Politics and policy
Treasury sets aside Sh1.9bn to employ early school teachers
Posted Thursday, June 14 2012 at 20:42
The Treasury has set aside Sh1.9 billion to hire teachers for early childhood education as it moves to improve the quality of children joining primary school and meet demands by the Kenya National Union of Teachers (Knut).
Part of the money will be used to employ pre-primary teachers. This will be the first time that pre-primary teachers will be included in the government payroll.
Knut called for a strike after it said the government had failed to heed its demands to employ teachers and to hire Early Childhood Education teachers. The strike was called off after the Treasury gave in to the demands and promised to permanently hire their contracted colleagues.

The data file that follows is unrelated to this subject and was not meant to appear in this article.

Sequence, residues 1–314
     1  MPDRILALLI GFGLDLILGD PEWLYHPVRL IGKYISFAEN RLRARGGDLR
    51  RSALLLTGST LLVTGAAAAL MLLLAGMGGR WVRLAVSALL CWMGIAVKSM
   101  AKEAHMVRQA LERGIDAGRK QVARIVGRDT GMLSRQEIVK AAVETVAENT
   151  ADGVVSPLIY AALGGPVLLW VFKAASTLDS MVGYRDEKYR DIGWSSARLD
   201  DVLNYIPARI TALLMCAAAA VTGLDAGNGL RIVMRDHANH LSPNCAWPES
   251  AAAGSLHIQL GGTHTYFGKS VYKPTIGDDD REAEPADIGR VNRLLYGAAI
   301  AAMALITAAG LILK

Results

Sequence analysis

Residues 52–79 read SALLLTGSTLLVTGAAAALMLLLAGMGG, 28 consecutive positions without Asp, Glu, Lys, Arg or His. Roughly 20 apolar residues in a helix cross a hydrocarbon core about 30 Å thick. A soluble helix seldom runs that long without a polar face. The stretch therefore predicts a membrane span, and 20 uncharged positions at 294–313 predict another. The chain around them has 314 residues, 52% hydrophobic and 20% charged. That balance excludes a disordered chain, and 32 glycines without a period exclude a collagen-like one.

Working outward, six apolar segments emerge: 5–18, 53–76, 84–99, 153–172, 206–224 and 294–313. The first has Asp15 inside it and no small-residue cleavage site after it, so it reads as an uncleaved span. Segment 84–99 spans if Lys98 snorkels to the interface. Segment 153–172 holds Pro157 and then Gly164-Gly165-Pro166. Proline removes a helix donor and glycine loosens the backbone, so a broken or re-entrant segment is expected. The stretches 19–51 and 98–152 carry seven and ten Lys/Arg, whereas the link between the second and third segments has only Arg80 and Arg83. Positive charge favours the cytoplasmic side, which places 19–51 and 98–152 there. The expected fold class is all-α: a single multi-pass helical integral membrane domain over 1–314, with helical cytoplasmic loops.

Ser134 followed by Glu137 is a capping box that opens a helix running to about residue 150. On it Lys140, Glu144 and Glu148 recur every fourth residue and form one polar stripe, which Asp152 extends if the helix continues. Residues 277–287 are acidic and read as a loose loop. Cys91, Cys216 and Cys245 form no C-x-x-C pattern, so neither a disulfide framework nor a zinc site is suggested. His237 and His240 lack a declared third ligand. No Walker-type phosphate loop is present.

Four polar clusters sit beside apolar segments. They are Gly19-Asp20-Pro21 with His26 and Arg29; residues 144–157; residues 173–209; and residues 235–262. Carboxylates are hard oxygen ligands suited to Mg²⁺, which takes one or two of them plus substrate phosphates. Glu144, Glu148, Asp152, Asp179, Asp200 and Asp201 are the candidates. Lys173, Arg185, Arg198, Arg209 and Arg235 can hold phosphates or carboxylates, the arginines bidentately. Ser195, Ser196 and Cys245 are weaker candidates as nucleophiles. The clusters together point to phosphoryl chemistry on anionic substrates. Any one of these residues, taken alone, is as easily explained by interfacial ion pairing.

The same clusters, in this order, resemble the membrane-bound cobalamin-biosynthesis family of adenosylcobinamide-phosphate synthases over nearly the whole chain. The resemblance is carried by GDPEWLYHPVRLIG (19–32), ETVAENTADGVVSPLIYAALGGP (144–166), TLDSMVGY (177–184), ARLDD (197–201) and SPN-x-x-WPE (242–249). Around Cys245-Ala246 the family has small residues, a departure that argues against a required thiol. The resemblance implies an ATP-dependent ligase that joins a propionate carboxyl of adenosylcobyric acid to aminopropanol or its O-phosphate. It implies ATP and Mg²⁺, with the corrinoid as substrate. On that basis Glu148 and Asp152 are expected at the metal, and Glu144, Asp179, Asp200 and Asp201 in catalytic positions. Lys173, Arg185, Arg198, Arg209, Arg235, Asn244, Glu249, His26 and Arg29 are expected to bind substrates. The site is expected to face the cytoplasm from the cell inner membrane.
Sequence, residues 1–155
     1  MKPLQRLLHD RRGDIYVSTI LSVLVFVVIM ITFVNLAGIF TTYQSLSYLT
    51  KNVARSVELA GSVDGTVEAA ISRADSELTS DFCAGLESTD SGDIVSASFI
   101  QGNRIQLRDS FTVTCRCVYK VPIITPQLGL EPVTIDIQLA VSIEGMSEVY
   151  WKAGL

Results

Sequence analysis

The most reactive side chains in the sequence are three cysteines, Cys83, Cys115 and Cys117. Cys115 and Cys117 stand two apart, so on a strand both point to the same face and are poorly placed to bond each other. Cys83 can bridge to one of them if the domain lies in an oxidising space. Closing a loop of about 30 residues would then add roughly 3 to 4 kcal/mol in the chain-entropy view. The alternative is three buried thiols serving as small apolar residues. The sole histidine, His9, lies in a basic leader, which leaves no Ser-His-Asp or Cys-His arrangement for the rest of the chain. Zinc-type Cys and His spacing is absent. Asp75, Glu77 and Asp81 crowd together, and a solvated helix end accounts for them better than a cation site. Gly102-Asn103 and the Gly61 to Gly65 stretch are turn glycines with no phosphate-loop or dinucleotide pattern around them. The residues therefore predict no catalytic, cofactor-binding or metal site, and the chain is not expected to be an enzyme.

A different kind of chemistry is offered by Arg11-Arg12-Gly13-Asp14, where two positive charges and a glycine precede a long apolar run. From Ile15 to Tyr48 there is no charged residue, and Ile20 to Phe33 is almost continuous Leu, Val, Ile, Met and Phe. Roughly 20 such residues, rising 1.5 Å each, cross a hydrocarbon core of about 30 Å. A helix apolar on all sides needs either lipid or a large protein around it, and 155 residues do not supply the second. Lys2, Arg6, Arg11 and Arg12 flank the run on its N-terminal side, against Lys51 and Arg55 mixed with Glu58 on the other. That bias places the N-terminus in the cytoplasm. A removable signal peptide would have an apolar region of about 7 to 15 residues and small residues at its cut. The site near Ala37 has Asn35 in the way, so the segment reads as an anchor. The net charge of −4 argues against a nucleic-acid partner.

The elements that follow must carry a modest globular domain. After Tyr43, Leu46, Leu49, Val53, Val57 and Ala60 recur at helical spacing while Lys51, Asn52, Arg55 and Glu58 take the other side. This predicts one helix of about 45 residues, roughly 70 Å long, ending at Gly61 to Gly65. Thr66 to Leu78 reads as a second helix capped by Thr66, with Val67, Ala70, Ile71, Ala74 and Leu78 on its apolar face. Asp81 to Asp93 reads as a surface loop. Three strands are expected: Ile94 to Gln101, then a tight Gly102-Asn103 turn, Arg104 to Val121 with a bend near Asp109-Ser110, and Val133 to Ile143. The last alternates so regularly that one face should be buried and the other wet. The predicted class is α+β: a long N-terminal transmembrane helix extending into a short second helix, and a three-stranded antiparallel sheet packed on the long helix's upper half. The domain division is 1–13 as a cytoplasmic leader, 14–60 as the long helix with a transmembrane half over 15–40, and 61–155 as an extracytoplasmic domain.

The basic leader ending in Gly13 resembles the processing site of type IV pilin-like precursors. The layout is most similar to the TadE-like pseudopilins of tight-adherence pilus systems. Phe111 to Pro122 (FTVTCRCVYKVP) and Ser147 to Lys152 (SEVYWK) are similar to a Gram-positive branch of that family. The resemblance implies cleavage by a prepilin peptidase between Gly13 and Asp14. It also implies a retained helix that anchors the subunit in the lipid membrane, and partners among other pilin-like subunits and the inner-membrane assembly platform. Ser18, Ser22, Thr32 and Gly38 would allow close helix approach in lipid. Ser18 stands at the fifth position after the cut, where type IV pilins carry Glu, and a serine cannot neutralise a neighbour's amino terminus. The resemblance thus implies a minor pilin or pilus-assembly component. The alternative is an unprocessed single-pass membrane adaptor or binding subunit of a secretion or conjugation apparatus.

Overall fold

In addition to the allocation to pre-primary allocation, the government allocated Sh118.7 billion to cater for teacher’s salary and recruitment of additional 10,000 teachers in the next financial year.
Erosion of quality
The new move will help to supplement and reduce the over-reliance on parents to pay pre-primary teachers.
In the rural areas, some parents prefer to enrol their children directly into primary schools to evade the nursery school fees. But the step has been blamed for erosion of quality.
In Nandi County, hundreds of pupils in the region were unable to read and write well because the schools did not have ECD programmes, according to Tinderet MP Henry Kosgey.
Mr Kosgey, who once served as Education minister under the Kanu regime called on the government to employ early childhood education teachers.
There is a shortage of 25,000 Early Childhood Development (ECD) teachers in the country, according to the MP.
In a recent task force report to overhaul education system, the pre-school plan was one of the key proposals.
Many pupils in primary school cannot read and write, which is said to have been caused by the fact that they missed early childhood education.
In April, the teachers union warned of strike later this year if the government would fail to meet its demand.